If you are an individual, you have most likely viewed the commercials on television that try to intrigue you with promises of astronomical income by setting up an ecommerce web site to sell goods that you never touch. A warehouse and fulfillment service is the key to this concept. You may not want to rely on the selection of product provided by these hucksters, but you can apply the concept on your own. All you need to do is find a business with a product to sell, set up a web site, and work to promote your web site using search engine optimization techniques. Then, your job is to create a stunning site and keep it at the top of the search engines.

Why Some Merchants are Saying Yes to SaaS

Link to article in MultiChannel Merchant

I am a big fan of Software as a Service (SaaS).  We use it here at SBC Fulfillment.

Software as a Service (SaaS) is a growing trend in where multichannel merchants are putting their e-commerce dollars.  SaaS—outsourcing the development and hosting of Websites—can be a cost-effective way of gaining new site functionality, reducing operating costs with less reliance on internal IT and accessibility to continuous upgrades. In our experience, SaaS costs range from 1% to 4% of sales.

We at SBC Fulfillment use a SaaS  WMS system.  We have found it allows us to scale our business quickly and provide your clients the data securty and availablity they need to run their business.

Full Article Atlanta-based 3PL simplifies operations while giving customers greater visibility into their inventory by leveraging a SaaS warehouse management solution from SmartTurn By Kevin ...
... margin, client specific operational cost for a low volume business could further erode profitability and render the proposition of SMB market unviable A SaaS Powered Shared Services Platform Can Help ...
... not tap the software-as-a-service (SaaS) model for warehouse management.  The economy has forced companies to do more with less, thus “lean and mean” is becoming the way of the future.  On-demand ...

Chris Anderson goes analog; We all can be manufacturers

Chris Anderson, best known a big thinker and an author that chronicles the digital revolution, is going decidedly analog.

Link to article

Anderson’s speech, which he used to try out new material that will most likely wind up in another book, made the following points:

  • The Web revolution is hitting the real world. “We are entering a new manufacturing age,” said Anderson. “I’ve been thinking about being analog and the world of manufacturing.”
  • Manufacturing businesses are utilizing a lot of the techniques pioneered on the Web.
  • Tools of production are being democratized. Exhibit A: 3D printers will now run you $750. Anderson has one in his basement. Laser cutters and circuit boards can all be designed in your basement using world class industrial technologies.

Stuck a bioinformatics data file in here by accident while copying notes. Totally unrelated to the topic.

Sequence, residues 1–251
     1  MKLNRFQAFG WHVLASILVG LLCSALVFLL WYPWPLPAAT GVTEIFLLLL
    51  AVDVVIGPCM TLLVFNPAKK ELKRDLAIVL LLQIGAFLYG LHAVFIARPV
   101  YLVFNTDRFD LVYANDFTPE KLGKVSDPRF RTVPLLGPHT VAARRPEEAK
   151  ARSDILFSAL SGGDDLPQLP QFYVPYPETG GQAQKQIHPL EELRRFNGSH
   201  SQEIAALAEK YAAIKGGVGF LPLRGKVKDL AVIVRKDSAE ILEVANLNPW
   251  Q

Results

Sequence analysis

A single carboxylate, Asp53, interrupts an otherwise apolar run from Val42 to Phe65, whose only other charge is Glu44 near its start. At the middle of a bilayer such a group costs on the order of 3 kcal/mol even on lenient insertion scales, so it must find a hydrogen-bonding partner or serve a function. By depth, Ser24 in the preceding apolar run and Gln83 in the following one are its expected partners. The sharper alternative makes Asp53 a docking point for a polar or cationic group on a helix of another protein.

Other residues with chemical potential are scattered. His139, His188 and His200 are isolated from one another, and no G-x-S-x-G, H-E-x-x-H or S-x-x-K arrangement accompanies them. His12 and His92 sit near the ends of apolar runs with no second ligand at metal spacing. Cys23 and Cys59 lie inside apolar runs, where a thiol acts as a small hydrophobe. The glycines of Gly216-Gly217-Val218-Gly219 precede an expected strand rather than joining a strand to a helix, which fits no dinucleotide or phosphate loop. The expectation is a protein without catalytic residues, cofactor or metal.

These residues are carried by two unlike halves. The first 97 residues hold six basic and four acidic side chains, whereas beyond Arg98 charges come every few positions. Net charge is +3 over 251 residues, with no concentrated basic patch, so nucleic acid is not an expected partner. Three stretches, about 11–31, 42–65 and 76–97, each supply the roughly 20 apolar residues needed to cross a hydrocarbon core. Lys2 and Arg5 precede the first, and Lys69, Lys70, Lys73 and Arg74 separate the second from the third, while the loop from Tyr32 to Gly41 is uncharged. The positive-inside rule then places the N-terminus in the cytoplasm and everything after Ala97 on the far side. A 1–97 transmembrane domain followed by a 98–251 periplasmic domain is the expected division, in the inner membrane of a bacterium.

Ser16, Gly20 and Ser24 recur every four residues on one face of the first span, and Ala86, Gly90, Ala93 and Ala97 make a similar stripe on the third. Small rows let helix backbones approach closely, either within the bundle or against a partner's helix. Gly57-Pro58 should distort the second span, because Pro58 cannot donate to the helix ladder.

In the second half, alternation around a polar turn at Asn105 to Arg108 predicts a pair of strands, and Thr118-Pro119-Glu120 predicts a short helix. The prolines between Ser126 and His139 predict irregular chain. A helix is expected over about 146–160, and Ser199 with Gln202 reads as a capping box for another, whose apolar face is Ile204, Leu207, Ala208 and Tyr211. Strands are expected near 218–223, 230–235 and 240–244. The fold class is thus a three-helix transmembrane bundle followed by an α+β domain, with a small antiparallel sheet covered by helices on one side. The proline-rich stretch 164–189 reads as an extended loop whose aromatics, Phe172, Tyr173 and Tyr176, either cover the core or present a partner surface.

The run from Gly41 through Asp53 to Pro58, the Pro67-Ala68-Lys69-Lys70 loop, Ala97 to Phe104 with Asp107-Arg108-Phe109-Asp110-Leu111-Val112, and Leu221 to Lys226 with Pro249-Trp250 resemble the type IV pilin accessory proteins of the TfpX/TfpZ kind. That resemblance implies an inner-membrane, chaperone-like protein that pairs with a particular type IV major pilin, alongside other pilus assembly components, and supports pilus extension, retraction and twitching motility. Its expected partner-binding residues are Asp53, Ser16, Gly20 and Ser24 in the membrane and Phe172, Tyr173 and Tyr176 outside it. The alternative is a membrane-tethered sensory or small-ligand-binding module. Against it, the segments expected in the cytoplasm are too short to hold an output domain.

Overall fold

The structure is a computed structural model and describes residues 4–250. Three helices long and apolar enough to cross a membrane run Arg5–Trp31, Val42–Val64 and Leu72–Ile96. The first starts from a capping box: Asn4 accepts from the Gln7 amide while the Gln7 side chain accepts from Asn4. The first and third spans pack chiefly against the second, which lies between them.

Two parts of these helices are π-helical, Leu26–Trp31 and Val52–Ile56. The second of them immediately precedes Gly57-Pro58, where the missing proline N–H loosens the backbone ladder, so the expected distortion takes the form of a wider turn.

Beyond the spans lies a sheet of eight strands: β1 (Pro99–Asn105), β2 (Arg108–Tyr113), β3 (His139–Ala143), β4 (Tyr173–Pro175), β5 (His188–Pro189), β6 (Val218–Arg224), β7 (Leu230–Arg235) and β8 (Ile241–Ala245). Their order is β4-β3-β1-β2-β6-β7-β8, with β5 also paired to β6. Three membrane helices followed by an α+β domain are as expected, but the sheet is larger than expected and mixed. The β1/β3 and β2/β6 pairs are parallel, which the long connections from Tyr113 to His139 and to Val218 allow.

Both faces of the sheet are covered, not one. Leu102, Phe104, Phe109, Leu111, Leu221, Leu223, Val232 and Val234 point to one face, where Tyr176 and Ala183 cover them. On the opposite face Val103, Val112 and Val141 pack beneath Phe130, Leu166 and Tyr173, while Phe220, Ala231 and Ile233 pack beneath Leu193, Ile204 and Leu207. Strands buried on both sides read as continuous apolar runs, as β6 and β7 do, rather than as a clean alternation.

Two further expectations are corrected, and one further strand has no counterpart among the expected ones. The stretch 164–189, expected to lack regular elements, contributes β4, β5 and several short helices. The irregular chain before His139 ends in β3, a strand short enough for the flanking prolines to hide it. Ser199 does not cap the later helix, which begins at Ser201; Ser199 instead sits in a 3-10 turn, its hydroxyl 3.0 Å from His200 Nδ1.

• If you want scale, a Chinese factory will work with you where ever you are. “I can click a button and make robots in a Chinese factory move,” said Anderson. “These factories want to work with smaller companies because there’s the flexibility to do so and higher margins. You have access to the same factory as Sony.”
  • Anderson chronicled Local Motors, which walks you through designing and building a car. Can this business scale?

The list goes on. Anderson’s big point is that the barriers to manufacturing are falling away. In fact, we may all be manufacturers down the road. Consider it the long tail of physical stuff.

12 Sure-Fire Steps to Improve Your Retail Sales

Link to original article
By Bob Nelson

The purpose of any business is to bring in customers, and it can only be accomplished through marketing. If your cash registers don't ring, something is wrong and you had better find out what is wrong fast. Because in today's competitive retail world...getting results is what counts.

Successful retailers aren't any more talented or intelligent than you are—they simply have learned to do things in a different way and make money in the process. Use the following 12 steps to improve your retail sales, you'll simplify your efforts, multiply
profits, and increase the odds of success.

1. Know Yourself
Having your own business is more than just creating a job for yourself. Your basic roles are in marketing, finance, administration and the responsibility of personnel. To get the best results, it is rare for one person to play all these roles equally well. You must know which parts you can handle yourself and which parts you're going to need help with.

2. Plan Ahead
Many stores are run by well-intended people but who don't have all the information they need to do their job. This includes a clear idea of market segment, target markets, customer service, product selection, marketing mix, promotional activities and pricing tactics. If you want to succeed you need a well thought out business plan that helps you make the right decisions.

3. Know the Industry
You can gain the greatest competitive edge if you have an intimate knowledge of your business. To thrive and prosper, you must be committed to learn and have the desire and energy to accomplish your goals. These are five main reasons why most businesses fail: